What is slightly larger than our Moon but nearly 1.4 times the mass of our Sun? ZTF J1901+1458, one of the tiniest white dwarf stars ever discovered. A series of ground- and space-based telescopes observed the dying husk of a sun-like star only 133 light-years away.
In a study published in the journal Nature, researchers detail the discovery and characteristics of ZTF J1901+1458, which is so named because it was spotted by the Zwicky Transient Facility, a sky survey using the Palomar Observatory in California that searches space for any objects with sudden changes in brightness. It’s quite an extreme star.
When stars eight times the mass of our Sun
or smaller reach the end of their lives, white dwarfs form. As they run out of fuel, they begin to collapse; but somewhat paradoxically, this initial collapse causes the star to swell to monstrous sizes and become a red giant (like the famous star Betelgeuse ).
This process also causes the star to cool down slightly and its core contract, which releases a massive amount of energy, causing it to grow even larger. However, it begins to lose its outer layers, leaving only an extremely dense core behind. A white dwarf.
The husk of a blown-out star was what the research team saw in the ZTF records. They used data from the European Space Agency’s Gaia satellite, the Keck telescope in Hawaii, and NASA’s Swift observatory to better understand its characteristics. After analyzing J1901+1458, they realized it was special: It was rapidly rotating and appeared to be nearly as massive as a white dwarf can be.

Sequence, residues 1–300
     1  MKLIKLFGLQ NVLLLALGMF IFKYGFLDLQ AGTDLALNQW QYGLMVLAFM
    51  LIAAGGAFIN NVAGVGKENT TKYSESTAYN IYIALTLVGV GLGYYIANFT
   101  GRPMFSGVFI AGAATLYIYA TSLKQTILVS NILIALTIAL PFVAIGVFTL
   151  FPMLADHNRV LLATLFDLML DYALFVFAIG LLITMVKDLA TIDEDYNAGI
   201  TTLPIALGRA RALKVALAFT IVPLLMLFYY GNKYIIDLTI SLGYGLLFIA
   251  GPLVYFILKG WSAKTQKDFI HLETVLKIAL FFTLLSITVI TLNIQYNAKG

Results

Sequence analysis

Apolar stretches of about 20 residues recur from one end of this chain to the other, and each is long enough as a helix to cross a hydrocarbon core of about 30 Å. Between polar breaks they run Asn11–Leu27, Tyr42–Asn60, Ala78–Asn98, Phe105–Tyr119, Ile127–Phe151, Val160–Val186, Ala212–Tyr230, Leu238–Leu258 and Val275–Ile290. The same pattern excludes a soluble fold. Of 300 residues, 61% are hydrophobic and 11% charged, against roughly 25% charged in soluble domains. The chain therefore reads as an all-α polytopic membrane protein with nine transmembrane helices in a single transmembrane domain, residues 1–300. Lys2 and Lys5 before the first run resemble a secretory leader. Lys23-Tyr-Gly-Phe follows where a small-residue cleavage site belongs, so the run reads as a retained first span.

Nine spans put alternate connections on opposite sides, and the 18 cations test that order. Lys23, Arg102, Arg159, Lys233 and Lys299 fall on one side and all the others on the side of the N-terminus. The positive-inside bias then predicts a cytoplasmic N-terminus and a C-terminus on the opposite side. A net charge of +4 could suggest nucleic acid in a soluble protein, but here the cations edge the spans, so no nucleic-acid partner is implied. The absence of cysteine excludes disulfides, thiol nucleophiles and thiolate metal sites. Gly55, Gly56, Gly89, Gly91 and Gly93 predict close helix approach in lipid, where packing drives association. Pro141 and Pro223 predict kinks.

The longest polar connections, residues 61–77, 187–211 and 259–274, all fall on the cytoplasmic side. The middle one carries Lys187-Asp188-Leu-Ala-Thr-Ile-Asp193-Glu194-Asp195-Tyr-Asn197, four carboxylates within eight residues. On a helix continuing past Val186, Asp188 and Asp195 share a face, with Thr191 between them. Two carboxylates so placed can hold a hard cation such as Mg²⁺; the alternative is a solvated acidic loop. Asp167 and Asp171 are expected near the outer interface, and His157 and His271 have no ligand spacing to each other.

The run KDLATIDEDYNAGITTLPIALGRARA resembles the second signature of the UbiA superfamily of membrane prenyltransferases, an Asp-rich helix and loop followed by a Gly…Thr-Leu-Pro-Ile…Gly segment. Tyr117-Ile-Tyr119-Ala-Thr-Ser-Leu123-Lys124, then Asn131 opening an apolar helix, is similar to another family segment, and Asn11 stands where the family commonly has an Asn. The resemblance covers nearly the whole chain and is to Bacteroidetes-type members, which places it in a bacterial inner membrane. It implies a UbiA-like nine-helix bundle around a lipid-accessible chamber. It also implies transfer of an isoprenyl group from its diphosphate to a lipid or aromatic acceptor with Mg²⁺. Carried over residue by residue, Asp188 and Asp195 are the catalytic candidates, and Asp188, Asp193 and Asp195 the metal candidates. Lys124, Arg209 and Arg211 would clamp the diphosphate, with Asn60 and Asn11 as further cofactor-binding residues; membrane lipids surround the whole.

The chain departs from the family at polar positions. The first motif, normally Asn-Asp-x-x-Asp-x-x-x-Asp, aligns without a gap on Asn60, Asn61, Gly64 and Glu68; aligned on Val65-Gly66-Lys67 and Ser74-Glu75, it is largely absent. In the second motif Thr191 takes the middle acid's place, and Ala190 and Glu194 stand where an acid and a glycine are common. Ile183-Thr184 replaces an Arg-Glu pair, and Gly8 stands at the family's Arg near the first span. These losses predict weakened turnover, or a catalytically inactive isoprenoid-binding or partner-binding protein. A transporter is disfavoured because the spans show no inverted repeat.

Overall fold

The researchers believe
the white dwarf was formed by two stars that danced for billions of years. They both evolved into white dwarfs before merging to form the new, much more massive star.
“We caught this very interesting object that wasn’t quite massive enough to explode,” said Ilaria Caiazzo, an astrophysicist at Caltech and lead author of the new study, in a press release. “We are truly probing how massive a white dwarf can be.”
It has also been described as the smallest white dwarf discovered, but that title might go to another object believed to be a white dwarf, known as RX J0648.0–4418.
So what will happen to the white dwarf now?
“This is highly speculative, but it’s possible that the white dwarf is massive enough to further collapse into a neutron star,” said Caiazzo. Usually neutron stars form when huge stars collapse, but it’s speculated that about one in 10 might be formed from the collapse of a white dwarf.
That’s because strange things are happening in a white dwarf’s super-dense core. Caiazzo describes a subatomic process in which electrons are captured and neutrons are formed. As more electrons are removed, the core approaches collapse and eventually becomes a “zombie” neutron star, one of the most unusual and mysterious cosmic bodies in the universe.
“There are so many questions to address,” notes Caiazzo.